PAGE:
Q. Your “Fear Street” horror series for young adults started in 1989 and was a hit, then the “Goosebumps” books, for younger kids, began in 1992. But it didn’t exactly take off at first.
A. No, what happened is still a mystery. The first contract was for four books, and we brought one out every two months. But they just sat around. There was no advertising or hype. I didn’t do any appearances. This was all before social media, so it was kids discovering the books and kids telling kids. It was entirely the secret kids network. The second contract was for eight more books, and then it took off. They started selling like crazy, and soon I was writing one “Goosebumps” book every month and one “Fear Street” book every month.
Q. The titles of your books mince no words about the plots — “The Haunted Mask,” “Revenge of the Lawn Gnomes,” “Stay Out of the Basement.” Which comes first: story ideas or titles?
A. I never look for ideas. I sit and think of titles. A new “Goosebumps” book just came out called “Night of the Puppet People.” So I got the title, and I thought, “OK, it’s going to be puppets; do I want to do kids turning into puppets or evil puppets some kids find in an alley?” It’s that simple.
‘This was all before social media . . . kids discovering the books and kids telling kids.’R. L. Stine, on how he became a best-selling author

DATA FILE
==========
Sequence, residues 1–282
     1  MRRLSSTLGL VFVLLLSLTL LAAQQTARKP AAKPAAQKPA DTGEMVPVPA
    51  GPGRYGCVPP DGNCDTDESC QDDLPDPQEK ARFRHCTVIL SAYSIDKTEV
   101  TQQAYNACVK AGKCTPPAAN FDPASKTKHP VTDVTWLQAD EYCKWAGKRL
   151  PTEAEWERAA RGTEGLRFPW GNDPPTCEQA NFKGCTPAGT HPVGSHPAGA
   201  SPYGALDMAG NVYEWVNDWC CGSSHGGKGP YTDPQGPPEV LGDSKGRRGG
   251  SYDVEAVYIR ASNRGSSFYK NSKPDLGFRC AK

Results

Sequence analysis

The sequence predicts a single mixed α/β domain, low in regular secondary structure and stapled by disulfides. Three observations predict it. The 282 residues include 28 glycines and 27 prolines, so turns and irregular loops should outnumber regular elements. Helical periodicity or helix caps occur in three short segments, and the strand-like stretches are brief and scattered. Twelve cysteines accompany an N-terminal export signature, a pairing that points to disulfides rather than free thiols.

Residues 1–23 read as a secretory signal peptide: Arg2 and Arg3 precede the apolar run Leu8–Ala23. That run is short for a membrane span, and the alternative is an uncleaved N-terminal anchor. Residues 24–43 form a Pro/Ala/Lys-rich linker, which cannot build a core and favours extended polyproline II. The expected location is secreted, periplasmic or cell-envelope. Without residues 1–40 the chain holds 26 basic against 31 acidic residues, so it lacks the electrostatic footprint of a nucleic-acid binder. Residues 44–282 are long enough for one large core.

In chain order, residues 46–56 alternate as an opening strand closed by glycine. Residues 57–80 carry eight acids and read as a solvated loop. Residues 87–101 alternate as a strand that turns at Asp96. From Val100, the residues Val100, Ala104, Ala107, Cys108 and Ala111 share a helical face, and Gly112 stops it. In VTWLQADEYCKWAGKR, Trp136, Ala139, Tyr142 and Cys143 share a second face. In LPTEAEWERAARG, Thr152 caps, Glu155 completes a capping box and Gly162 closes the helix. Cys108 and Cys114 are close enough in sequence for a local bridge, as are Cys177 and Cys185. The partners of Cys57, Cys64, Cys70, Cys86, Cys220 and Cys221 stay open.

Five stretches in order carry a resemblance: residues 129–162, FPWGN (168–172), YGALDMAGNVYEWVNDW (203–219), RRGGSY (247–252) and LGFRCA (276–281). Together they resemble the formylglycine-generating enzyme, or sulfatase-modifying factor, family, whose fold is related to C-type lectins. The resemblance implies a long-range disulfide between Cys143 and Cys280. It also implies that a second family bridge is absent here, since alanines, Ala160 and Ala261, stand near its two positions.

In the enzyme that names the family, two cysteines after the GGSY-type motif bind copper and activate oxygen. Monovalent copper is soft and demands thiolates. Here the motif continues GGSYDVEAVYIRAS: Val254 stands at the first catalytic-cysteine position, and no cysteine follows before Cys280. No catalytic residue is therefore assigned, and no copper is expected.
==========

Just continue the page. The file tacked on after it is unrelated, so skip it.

Q. Is it true that there’s been interest in making a “Goosebumps” movie for a couple of decades?
A. That’s right. The books started in 1992, and around ’94, ’95 and ’96, I was the best-selling author in America. We sold 4 million books a month at that time, and we had a movie deal with Fox, but no one ever got a script they liked, and no one knew what book to do. Then somebody suggested that we put all of the monsters in and to use R.L. Stine as a character. Once they had that idea, they started getting scripts they liked.
Q. Were you involved in the process all along?
A. No. I didn’t even think that the movie was alive. Then I got a call from Deborah Forte, who was president of Scholastic Media at the time, and is a producer on the film. She said they wanted to use me as a character in the film, but had to get my permission. Then they started sending me the script because I had to approve how they treated me in it, and that was the first time I was included.
Q. Did you have any discussions with Jack Black before filming started?
A. I met with him a few times. The first time we had lunch he just wanted to look at me and try to figure me out. He said, “What’s true in the script about you?” I told him not too much was true. [Laughs] It’s a good character, but he’s very mean at the beginning. He’s a lot more of a sinister character than I am.
Q. If you could speak directly to parents, would you tell them there’s an inappropriate age for kids to see the film?
A. In the beginning there was big resistance to the books, because no one had ever done a horror series for 7- to 12-year-olds. And the covers were scarier than the books. But now it’s been around so long, people are used to it. And, you know, kids are really smart. Kids know if they’re ready for this movie or not. They don’t need their parents to tell them. There are kids who love “Goosebumps,” and there are kids who know that “Goosebumps” is too scary.Ed Symkus can be reached at firstname.lastname@example.org.